WE NEED MORE TEACHERS, AND FOR GOVERNMENT TO LISTEN
I write this letter so that the people in our community can know what's going on in our local high school, Murrumbidgee Regional High School from someone that works there, and given the recent media interest, it is important the citizens of Griffith understand how much teachers need your support.
Earlier this month, The Sydney Morning Herald's Jordan Baker wrote about schools across the state experiencing teacher shortages and how students spend a part of each day, sitting in the school's quadrangle instead of in classrooms.
Murrumbidgee Regional High School was identified as recording the highest number of uncovered classes for the term, in the state. This is why our teachers took industrial action last December. This is why more than 70 other schools, since December have taken industrial action.
We need more teachers. And we need Sarah Mitchell, NSW's Education Minister, to listen when we say that the government needs to look at finding ways to adequately staff our schools.
We wish we had the power to make teaching in regional areas more attractive but we don't. The NSW Government does.
It can provide incentives to teach in places like Griffith. It can make teaching more attractive by increasing teacher salaries. It can encourage teachers to stay in the job by making our workload more manageable.
Or it can continue to do nothing and the young people in Griffith will continue to spend their schooldays in the quadrangle instead of the classroom.
Anthony Catanzariti, NSW Teachers Federation representative, MRHS Griffith
PREPARATION MEANS BETTER RECOVERY
As people continue to suffer the mental health effects of the pandemic Red Cross is reminding readers there are things they can do now to regain a sense of control, and prepare for the inevitable disasters ahead.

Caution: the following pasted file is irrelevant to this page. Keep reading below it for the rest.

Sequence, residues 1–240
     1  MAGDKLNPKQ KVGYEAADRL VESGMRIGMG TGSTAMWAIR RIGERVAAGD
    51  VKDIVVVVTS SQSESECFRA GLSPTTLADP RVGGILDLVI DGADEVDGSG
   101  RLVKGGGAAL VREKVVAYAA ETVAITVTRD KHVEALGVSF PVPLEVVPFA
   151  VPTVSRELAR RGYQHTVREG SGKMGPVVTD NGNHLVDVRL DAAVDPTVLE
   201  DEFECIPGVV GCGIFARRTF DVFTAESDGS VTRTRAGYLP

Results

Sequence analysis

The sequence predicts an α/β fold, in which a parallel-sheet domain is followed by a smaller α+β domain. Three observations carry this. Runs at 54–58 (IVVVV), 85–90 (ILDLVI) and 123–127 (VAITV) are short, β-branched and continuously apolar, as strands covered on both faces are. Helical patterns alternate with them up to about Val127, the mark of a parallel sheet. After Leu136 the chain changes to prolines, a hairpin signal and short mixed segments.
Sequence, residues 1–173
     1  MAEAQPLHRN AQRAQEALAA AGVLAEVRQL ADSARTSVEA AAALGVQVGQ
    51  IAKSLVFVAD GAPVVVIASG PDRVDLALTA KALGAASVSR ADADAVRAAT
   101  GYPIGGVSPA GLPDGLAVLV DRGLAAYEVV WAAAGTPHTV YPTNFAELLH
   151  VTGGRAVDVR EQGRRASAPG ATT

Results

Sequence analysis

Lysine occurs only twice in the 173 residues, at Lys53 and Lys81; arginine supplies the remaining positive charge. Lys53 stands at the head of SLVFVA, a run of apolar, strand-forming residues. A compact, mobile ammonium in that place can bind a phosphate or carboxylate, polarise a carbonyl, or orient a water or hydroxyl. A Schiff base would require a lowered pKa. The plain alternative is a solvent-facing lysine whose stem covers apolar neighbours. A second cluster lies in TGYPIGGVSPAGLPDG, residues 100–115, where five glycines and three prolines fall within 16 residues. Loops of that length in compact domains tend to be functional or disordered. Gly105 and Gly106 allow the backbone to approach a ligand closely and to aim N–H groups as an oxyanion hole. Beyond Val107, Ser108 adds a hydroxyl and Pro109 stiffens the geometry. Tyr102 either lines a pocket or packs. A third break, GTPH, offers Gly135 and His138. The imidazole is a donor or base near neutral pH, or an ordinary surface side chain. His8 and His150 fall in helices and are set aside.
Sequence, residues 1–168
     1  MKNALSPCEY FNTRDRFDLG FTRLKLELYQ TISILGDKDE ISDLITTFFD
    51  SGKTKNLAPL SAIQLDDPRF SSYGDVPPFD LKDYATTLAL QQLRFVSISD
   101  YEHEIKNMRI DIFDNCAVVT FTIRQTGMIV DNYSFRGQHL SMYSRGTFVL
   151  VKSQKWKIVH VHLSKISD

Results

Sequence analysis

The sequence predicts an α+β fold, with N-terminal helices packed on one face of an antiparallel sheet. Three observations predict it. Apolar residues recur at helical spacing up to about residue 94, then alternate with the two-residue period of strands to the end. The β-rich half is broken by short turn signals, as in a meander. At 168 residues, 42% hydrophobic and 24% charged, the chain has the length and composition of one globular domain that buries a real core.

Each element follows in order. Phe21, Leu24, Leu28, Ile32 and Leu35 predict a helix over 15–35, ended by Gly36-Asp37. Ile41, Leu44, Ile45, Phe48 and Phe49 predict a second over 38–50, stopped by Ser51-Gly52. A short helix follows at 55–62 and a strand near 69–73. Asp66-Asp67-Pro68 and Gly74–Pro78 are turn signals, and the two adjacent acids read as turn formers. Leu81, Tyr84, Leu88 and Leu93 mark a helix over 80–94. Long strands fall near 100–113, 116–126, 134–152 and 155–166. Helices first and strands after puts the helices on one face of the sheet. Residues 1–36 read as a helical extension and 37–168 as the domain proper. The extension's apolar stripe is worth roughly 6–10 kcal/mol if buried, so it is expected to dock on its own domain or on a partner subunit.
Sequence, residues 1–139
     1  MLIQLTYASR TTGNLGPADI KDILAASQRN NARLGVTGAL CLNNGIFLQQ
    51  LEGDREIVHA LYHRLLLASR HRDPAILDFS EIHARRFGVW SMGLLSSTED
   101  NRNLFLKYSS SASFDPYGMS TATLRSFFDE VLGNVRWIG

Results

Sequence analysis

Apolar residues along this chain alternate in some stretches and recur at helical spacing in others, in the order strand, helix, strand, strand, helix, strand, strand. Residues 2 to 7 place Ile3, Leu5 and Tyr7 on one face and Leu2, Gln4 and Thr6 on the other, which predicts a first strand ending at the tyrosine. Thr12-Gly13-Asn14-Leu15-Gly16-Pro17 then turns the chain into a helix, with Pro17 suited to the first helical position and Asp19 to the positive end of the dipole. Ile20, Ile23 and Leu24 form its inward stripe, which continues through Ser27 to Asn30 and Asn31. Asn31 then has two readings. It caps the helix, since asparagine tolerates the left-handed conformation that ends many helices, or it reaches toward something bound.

New research by Australian Red Cross has found that two in five Australians' mental health has been hit by COVID, and a similar number say they feel less hopeful about the future. Some 37 per cent feel less secure and safe.
This week is our annual campaign to encourage people to prepare ahead for disasters, as the better prepared people are, the better their experience when a disaster inevitably hits. Better preparation also leads to a better recovery.
There are excellent resources on the Red Cross website www.redcross.org.au/prepare including steps to create your own emergency plan, to download the Red Cross Get Prepared App, a survival kit, emergency contacts list, keepsake list, information to help manage stress and more.
With disaster season almost upon us, we strongly encourage people to start thinking now about how they will manage. Your mental health will be better for it.
Poppy Brown, Australian Red Cross NSW director
NUMBER OF PEOPLE WITH DEMENTIA SET TO DOUBLE
The number of Australians living with dementia is close to half a million - a number that is set to double in the next 25 years - with an estimated 1.6 million people involved in their care.
In NSW there are an estimated 157,000 people living with dementia.Many people living with dementia can continue to live well after their diagnosis, which is why the theme for Dementia Action Week 2021, 20 to 26 September, is 'A little support makes a big difference'.
The national awareness raising campaign will continue to lead the discussion about discrimination, which we know has a big impact on people living with dementia, their families and carers. This year Dementia Australia will provide information and tips to encourage all Australians to increase their understanding of dementia and learn how they can make a difference to the lives of people around them who are impacted - and to help eliminate discrimination.
The good news is that a lot can be done to improve the experience for people living with dementia and carers.To find out how you can make a difference visit www.dementia.org.au.
Maree McCabe, Dementia Australia CEO and Phil Hazell, Dementia Australia advisory committee
WANT TO HAVE YOUR SAY?
Email your letter to the editor to email@example.com or post it to PO Box 1004, Griffith, NSW 2680. All letters will need a number (for publication) and a contact phone number (not for publication). Or use the form below...